"People ask me, ‘Should I fix my house and then put it up?’ But I don’t know if the value will be there. So I say let's put it up as is, and let's see what happens," said Lisa Jackson, a real estate broker in the Rockaways section of New York City who is listing badly damaged homes "more or less as the hurricane left them." She has already closed three deals, with another half-dozen properties in contract. Most of the buyers are people who already live in the area and are hopeful about the rebuilding process. One resident bought the lot next to his own house so he could expand onto it. However, the battered look of the Rockaways, and fresh reminders of the dangers of coastal living, will most likely be unappealing to non-residents looking for homes.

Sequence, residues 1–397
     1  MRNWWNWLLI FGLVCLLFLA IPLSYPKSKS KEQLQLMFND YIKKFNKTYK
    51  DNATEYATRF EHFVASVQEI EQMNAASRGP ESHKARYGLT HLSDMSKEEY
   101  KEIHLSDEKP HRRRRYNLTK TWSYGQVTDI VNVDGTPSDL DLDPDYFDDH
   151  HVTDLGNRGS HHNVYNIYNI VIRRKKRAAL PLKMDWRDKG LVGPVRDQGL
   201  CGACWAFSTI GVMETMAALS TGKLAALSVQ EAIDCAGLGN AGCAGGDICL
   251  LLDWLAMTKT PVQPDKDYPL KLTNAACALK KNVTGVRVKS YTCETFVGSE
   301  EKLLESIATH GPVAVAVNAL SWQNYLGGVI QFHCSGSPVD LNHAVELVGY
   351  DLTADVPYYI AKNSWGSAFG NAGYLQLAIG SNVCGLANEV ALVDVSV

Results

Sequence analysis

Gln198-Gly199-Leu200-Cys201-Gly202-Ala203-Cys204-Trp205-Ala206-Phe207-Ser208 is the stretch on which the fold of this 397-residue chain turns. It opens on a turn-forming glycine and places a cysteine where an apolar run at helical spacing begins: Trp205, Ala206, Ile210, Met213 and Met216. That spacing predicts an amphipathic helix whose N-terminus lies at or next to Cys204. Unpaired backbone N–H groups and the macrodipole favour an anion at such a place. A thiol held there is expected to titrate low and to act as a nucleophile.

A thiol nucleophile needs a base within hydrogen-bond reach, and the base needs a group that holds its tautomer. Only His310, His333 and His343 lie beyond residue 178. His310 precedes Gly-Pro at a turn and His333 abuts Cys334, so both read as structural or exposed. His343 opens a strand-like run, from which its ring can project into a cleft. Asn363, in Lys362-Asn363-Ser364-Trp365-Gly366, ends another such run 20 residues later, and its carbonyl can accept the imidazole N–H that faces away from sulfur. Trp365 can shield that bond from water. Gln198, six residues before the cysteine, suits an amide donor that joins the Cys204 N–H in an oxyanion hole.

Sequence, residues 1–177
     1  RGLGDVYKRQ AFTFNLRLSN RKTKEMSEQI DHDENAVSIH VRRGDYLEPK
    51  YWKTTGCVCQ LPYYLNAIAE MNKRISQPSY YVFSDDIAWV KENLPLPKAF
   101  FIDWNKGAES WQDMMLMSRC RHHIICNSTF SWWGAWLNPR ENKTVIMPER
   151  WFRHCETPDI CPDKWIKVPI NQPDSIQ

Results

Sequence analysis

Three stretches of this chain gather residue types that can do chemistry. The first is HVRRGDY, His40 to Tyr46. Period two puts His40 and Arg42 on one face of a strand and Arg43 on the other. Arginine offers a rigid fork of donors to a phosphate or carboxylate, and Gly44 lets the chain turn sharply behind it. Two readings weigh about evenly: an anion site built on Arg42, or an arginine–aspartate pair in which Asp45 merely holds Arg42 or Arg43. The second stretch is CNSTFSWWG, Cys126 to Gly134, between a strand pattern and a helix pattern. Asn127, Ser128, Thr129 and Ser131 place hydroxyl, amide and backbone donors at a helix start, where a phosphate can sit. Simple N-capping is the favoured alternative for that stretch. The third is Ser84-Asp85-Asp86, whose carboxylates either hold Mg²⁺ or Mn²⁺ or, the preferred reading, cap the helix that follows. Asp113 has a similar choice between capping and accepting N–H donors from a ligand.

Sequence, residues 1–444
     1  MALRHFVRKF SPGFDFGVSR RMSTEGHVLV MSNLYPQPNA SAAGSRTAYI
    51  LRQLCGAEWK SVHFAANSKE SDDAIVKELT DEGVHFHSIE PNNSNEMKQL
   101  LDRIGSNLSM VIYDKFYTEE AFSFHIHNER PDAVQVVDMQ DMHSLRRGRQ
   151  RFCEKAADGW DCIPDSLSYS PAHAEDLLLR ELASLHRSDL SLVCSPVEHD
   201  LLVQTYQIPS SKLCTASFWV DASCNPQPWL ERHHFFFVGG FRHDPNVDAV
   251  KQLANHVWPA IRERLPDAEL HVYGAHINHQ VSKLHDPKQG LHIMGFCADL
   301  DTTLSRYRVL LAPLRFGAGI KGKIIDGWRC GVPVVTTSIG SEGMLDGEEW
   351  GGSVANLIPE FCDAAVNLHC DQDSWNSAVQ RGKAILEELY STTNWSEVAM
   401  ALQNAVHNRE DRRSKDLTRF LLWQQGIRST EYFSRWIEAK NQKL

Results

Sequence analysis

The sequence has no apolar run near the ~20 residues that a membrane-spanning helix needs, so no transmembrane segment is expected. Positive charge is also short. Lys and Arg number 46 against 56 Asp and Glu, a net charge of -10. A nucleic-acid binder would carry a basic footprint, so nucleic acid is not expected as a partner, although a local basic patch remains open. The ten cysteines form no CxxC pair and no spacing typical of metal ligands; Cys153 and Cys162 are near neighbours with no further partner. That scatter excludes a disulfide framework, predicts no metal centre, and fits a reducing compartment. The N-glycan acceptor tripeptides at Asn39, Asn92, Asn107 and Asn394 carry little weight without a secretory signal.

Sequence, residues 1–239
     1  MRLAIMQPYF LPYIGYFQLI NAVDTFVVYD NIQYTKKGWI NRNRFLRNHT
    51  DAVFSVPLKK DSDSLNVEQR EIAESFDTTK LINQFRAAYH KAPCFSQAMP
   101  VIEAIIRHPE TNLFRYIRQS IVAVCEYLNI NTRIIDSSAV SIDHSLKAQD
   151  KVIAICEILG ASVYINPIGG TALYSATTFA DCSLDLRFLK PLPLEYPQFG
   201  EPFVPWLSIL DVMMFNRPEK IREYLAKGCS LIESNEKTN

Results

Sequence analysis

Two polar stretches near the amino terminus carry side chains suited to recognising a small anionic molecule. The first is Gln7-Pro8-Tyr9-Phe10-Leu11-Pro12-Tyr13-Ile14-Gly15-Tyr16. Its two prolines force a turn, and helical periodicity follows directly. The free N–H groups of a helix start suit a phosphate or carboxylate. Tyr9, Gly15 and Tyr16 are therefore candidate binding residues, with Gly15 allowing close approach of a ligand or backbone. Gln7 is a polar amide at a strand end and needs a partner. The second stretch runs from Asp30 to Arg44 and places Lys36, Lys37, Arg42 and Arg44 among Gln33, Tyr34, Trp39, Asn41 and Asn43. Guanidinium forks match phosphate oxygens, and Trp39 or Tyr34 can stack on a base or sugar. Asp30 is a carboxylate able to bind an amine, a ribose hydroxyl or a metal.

“Remember, you’re marketing to people, and this damage is really in your face,” said Jonathan Miller, president of Miller Samuel. “Even if you don’t believe there’s going to be a storm like this again, the visual presentation is unsettling.” He also said "it was too soon to tell where home values in the Rockaways would head in the long term, in part because if yet another hundred-year storm hit soon, the market would be deeply rattled" and that "[i]n the short term, higher costs of living from increased insurance premiums and stricter building standards seem a certainty."
Time will tell if these homes were worth the investment.